Never Good Enough

A Little Humor
Measuring Up to Tom

Martin left his motorcycle at home when he went to New York City for a weekend of theater and fine dining. He stepped out of the terminal and waved at a taxi. Amazing! It was available. He got in, and the cabdriver says, “You’ve got perfect timing. You’re just like Tom.”

Martin asked, “Who?”

“Tom, Tom Henderson. He did everything right all the time. Just like now. I happened to drop off a fare just when you needed a taxi. Things like that happened to Tom all the time.”
Martin said, “Everybody has problems now and then.”

“Not Tom Henderson. He was a star athlete; he could have won the grand slam in tennis. He could golf like Arnie in his prime. He sang like one of the three tenors and danced like Fred Astaire and he could play just about any instrument you can name.”

“He must have been really special.”

The cabbie continued. “I’m just getting started. He had a memory like a computer—never forgot a birthday or an anniversary. He knew which wine went with which entrée, and which fork to use for everything from oysters to dessert. And he was good with his hands. He could fix anything. Now, you take me. If I change a fuse, I’ll put the lights out for blocks around. But not Tom. He did everything right.”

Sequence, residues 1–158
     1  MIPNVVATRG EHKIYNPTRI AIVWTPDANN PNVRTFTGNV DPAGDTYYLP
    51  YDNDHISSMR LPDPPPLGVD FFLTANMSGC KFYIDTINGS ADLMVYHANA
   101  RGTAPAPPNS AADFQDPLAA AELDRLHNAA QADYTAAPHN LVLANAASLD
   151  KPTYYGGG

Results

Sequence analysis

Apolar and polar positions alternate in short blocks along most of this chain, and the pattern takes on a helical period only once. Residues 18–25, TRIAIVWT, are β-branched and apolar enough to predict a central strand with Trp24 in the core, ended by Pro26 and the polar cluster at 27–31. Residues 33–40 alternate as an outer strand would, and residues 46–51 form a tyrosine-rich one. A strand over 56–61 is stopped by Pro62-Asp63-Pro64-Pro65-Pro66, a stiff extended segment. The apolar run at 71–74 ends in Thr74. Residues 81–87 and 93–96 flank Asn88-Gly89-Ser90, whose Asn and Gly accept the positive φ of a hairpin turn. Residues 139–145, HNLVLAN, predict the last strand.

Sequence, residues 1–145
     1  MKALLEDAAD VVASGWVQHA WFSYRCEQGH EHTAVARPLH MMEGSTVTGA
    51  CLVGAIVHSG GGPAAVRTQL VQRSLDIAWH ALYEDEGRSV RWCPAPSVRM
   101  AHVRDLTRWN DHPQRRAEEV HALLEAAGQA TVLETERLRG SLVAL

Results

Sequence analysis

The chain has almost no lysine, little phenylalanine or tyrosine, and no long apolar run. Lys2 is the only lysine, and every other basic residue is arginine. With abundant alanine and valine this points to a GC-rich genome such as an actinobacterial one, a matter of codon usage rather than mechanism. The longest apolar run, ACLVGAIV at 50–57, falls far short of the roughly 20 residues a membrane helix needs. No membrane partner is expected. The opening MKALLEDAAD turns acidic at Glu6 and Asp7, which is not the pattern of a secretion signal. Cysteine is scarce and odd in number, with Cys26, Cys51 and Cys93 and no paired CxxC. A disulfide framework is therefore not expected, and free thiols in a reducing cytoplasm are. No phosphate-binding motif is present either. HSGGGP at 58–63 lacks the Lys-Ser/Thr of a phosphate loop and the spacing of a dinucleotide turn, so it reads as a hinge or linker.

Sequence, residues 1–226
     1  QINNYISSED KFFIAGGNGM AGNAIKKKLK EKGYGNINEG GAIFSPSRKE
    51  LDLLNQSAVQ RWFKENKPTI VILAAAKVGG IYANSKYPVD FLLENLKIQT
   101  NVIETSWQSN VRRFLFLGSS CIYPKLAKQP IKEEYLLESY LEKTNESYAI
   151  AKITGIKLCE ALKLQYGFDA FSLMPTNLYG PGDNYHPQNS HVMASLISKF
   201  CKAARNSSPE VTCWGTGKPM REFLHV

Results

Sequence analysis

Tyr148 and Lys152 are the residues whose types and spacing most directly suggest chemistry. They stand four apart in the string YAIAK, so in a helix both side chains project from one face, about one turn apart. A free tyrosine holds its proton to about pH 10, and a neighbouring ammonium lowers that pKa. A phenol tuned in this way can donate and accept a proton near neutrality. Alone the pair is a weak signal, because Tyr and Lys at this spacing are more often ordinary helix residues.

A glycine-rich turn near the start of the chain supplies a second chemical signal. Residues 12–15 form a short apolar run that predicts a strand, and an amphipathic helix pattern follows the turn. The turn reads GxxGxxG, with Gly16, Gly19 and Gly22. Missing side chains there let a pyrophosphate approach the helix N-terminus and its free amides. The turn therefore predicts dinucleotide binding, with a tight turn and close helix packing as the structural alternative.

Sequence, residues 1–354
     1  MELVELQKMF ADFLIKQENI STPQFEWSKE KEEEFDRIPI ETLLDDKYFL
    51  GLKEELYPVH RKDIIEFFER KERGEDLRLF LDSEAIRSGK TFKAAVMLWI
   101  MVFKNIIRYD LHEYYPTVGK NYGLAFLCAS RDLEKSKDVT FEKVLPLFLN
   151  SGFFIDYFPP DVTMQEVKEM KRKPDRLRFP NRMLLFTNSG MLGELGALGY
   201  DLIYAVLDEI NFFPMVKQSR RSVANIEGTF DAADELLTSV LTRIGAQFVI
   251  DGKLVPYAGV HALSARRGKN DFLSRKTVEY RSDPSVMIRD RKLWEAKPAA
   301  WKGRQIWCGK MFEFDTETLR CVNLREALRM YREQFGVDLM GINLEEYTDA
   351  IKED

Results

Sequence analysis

“My goodness, he must have been quite a guy.”

“Oh, yes indeed. He always knew the best route to avoid traffic jams. I always seem to get caught in them. And he really knew how to treat a woman and make her feel like royalty. Yes, he was the perfect gentleman, the perfect man. No one could ever measure up to Tom Henderson.”

Martin asked, “How did you meet him?”

“I never met him. He died, and I married his widow.”

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